After negotiated language from last weekend on a public plan option and a Medicare buy-in at age 55 fell apart, the Senate’s debate on the Patient Protection and Affordable Care Act (HR 3590) the week of December 14 returned to a compromise on the public plan option, such as state-based health care cooperatives, according to the American Physical Therapy Association (APTA), Alexandria, Va.

This action gained critical support for Senate Majority Leader Harry Reid (D-Nev) in his attempt to achieve the 60 votes needed to proceed toward passage of HR 3590.

As the week closed, most of the focus was again on Sen Ben Nelson (D-Neb) and his opposition to the current bill due to its lack of language prohibiting federal funding for abortion. Without Nelson’s support or the crossover of a Republican, such as Sen Olympia Snowe (R-Me), the Senate is unable to meet the 60 votes needed to proceed toward a vote on HR 3590. The Senate is expected to continue its debate through the weekend with a final vote desired by Christmas Day.

HR 3590 contains many critical provisions and public policy priorities for physical therapists. Without congressional action, the therapy cap exceptions process will expire on December 31. In addition, a 21.9% reduction in the conversion factor and rural payments are also scheduled to go into effect on January 1, 2010.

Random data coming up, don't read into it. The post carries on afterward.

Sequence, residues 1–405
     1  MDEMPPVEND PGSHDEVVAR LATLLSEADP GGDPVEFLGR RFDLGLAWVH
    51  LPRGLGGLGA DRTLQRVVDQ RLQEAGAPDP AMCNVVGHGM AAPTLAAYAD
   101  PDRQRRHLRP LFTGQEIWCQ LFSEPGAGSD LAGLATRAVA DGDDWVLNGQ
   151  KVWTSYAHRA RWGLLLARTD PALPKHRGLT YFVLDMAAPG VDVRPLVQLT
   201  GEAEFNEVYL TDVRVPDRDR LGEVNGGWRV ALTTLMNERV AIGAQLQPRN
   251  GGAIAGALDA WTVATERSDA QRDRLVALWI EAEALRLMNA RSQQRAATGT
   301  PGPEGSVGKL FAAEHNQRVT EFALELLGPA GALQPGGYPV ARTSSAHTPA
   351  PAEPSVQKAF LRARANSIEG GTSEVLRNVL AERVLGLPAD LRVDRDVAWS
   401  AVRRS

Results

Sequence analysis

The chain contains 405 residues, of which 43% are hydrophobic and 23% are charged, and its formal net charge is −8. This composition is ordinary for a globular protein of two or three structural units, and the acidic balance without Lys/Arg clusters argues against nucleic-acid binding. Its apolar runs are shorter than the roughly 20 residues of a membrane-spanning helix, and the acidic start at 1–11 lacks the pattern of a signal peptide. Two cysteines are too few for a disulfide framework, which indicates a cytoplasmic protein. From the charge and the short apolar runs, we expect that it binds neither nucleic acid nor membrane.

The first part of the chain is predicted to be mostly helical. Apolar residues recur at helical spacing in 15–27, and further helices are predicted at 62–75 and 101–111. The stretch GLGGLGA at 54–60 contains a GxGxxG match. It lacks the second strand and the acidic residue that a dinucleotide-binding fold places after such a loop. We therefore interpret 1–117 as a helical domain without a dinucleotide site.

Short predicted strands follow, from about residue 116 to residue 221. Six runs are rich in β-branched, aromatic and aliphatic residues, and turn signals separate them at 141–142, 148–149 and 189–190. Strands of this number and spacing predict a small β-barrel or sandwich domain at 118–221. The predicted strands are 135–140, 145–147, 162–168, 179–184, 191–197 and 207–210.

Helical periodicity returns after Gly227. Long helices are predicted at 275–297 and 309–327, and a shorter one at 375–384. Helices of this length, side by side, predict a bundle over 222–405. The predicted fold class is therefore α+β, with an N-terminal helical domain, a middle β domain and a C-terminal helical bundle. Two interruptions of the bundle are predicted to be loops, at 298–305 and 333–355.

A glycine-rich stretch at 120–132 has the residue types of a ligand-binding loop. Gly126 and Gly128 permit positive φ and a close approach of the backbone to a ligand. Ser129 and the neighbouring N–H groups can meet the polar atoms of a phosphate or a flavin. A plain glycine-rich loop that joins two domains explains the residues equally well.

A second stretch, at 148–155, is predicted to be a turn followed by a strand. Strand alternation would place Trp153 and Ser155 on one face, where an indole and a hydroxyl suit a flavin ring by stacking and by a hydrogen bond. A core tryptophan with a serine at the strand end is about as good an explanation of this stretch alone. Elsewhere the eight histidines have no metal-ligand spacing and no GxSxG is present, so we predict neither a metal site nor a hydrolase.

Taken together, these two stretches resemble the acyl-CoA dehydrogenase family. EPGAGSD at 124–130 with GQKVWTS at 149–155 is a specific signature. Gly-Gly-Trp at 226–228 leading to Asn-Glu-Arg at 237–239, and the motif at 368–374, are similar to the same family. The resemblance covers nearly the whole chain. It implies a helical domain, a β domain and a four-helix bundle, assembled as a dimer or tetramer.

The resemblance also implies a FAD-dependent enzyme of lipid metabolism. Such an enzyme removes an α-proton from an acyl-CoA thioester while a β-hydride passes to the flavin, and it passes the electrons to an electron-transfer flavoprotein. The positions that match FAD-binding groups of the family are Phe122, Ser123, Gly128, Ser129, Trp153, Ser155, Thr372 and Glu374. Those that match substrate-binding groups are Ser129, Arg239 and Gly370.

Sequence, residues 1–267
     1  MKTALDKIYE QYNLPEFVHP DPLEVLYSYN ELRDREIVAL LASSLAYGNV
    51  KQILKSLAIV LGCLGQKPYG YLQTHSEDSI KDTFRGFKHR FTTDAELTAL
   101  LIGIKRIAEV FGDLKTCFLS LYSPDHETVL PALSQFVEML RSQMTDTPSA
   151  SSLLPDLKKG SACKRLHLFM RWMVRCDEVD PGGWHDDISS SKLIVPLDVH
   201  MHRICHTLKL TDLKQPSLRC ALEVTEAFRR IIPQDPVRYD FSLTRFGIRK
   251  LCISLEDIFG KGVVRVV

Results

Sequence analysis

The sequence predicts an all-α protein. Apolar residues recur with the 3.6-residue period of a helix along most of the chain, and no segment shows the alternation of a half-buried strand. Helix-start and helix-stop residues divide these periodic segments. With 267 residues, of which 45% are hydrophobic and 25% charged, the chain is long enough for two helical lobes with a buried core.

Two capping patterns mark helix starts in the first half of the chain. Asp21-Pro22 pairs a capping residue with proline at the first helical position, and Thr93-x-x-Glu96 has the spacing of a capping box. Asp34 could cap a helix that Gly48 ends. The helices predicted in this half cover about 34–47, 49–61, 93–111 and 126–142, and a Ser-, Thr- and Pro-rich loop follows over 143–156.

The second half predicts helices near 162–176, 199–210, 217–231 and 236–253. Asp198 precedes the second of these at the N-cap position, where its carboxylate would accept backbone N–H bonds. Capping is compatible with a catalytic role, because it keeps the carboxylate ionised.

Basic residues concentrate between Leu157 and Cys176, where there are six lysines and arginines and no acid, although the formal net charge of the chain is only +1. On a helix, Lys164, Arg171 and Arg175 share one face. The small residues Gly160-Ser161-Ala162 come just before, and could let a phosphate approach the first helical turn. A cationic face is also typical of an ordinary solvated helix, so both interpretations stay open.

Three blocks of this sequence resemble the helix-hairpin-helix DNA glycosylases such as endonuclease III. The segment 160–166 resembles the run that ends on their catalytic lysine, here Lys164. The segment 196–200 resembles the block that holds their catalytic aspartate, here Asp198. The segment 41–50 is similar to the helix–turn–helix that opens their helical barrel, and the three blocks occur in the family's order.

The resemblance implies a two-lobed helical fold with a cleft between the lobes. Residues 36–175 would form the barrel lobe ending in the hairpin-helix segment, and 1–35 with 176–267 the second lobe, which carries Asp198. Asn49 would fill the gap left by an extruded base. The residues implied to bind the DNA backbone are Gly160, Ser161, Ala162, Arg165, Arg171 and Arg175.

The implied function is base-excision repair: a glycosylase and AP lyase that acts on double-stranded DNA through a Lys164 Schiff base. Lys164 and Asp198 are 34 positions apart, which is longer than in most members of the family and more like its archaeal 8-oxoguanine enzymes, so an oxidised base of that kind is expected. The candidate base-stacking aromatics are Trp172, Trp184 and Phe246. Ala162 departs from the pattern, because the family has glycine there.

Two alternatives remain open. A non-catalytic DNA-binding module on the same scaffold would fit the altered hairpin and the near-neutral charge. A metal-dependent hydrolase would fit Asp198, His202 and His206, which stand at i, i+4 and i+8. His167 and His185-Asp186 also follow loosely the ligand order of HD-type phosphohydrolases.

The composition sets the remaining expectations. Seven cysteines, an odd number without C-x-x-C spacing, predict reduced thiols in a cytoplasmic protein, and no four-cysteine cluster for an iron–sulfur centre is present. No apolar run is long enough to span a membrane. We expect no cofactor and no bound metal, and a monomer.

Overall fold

HR 3590 has a 1-year extension of the therapy cap exceptions process, a .5% update to the conversion factor (over the 21.9% reduction), and continuation of the 1.0 Geographic Practice Cost Index (GPCI) floor on rural provider payments.

In separate legislation, the House passed an extension of the 2009 conversion factor to avoid the 21.9% reduction from January 1, 2010, to February 28, 2010, until comprehensive health care reform is passed. The Senate is schedule to vote on the measure on December 19. 

Unfortunately, the bill does not include an extension of the therapy cap exceptions process. The Patient Protection and Affordable Care Act (HR 3590) and the American’s Affordable Health Choices Act (HR 3962), the Senate’s and the House of Representatives’ health care reform proposals, both contain provisions to extend the caps exceptions process. As it is not expected that a health care reform bill will be signed into law before December 31, APTA is seeking legislation that could serve as a vehicle for extending the therapy cap exceptions process before the end of the year.

[Source: APTA]